When making decisions regarding what is best for your children and your family, it is important to have a clear understanding of Washington State’s child custody laws. Read on to learn the child custody laws in Washington and if you have any additional questions, speak with a qualified Spokane child custody lawyer.
Under Washington State law, a child custody arrangement is commonly referred to as a “parenting plan.” A parenting plan is a legal document that outlines how you and your former spouse will care for your children once the divorce is final. The family court generally requires one as part of the divorce process, a separation, or in an abuse, neglect, or guardianship case.
A joint plan can be created by the parents together, or each parent can submit their own. The parenting plan should include preferences on every major aspect of a child’s life, including:
Where the child will live and with which parent;
How the parents will make decisions regarding the child; and
How the divorcing parents will resolve future issues.
If the parents cannot agree on the terms, the court will often require them to attend mediation. However, even if the parents can reach an agreement, a parenting plan will only become official or enforceable once a judge reviews it and makes it a court order.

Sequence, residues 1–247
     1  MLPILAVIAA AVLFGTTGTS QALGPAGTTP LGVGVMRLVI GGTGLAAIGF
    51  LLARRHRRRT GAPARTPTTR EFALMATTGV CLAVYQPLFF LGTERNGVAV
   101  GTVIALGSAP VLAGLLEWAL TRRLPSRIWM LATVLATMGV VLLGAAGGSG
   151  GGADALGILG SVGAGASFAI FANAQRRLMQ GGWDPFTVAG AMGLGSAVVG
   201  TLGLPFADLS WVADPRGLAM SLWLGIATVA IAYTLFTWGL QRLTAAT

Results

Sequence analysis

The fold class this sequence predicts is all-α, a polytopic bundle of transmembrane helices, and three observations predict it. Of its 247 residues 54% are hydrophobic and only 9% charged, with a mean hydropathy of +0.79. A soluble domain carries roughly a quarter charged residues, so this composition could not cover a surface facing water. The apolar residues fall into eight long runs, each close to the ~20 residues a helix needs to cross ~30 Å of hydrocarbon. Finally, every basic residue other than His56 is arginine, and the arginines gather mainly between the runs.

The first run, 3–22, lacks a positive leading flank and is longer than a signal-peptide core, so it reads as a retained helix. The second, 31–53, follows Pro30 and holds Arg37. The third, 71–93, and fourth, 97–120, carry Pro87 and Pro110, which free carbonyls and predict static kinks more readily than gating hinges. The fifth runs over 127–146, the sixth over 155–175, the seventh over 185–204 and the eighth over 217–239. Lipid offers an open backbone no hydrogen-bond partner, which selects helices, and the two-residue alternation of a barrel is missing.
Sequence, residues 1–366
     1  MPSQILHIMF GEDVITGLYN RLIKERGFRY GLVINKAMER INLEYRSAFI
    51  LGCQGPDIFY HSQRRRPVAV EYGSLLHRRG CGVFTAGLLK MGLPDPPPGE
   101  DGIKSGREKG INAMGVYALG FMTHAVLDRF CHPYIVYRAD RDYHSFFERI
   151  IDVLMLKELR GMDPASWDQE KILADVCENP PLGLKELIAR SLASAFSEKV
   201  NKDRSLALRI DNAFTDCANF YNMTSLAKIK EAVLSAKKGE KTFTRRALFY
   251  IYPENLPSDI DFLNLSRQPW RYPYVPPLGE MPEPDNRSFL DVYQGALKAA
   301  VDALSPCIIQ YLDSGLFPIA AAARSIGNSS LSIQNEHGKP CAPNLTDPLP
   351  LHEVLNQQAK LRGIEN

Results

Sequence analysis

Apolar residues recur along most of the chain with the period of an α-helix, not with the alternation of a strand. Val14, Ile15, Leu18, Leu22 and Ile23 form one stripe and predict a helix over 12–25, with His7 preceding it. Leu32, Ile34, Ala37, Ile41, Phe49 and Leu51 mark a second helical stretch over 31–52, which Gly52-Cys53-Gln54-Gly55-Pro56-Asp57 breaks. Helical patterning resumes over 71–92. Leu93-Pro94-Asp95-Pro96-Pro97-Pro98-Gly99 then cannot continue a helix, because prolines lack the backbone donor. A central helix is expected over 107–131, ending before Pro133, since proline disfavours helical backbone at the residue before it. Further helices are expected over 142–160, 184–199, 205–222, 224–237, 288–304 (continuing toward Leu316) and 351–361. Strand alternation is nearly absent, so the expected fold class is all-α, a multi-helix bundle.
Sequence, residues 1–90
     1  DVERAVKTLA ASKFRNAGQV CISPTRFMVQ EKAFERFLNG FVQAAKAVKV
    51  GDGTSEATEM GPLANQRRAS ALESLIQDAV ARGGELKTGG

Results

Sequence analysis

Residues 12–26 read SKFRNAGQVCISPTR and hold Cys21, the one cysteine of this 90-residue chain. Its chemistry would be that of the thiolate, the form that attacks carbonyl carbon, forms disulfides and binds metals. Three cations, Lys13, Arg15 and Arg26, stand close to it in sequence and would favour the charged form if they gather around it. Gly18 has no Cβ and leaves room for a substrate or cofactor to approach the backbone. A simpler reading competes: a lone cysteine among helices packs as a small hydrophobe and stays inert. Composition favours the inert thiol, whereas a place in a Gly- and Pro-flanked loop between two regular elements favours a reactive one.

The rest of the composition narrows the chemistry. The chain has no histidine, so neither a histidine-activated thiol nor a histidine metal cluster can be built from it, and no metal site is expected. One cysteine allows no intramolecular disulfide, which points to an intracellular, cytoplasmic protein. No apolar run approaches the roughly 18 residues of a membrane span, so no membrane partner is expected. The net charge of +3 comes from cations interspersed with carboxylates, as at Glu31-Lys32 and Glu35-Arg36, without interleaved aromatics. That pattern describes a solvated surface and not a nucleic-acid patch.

The parenting plan will detail each parent’s visitation rights, which the court tries to make sure is regular and consistent. When a parent is awarded primary physical custody of a child (custodial parent), the other (noncustodial) parent will have regular visitation rights under Washington’s child custody guidelines. At a minimum, the noncustodial parent must receive one weeknight visit and every other weekend. The judge may award more visitation time if the case warrants it, but not less.
How a Judge Decides Child Custody in Washington
Child custody laws in Washington State are designed with the child’s best interests as the main priority. It is the guiding principle for judges to base their decisions on when approving or making changes to a parenting plan. The judge will typically consider each parent’s ability to:
Maintain a loving and stable relationship with the child.
Exercise good judgment.
Provide for the child’s basic needs.
Involve themselves with the child’s educational needs.
Provide financial support.
Other factors a judge may take into account are:
The child’s relationships with each parent.
The child’s relationships with siblings and other adults in their lives.
How involved the child is in their community (e.g., school or church).
Which parent is the primary caretaker?
The child’s wishes (only if the child is at least 12)
All of these factors will be used by the court to determine a custody case, but the one that holds the most weight is the child’s relationships with each parent. Mothers and fathers have equal custody rights over a child.
Modifying a Parenting Plan in Washington
Parents can change a parenting plan if they mutually agree. However, in the absence of mutual agreement, there must be a significant change in circumstances to justify modifying the parenting plan or residential schedule. In that case, a Petition to Modify a Parenting Plan/Residential Schedule will have to be filed.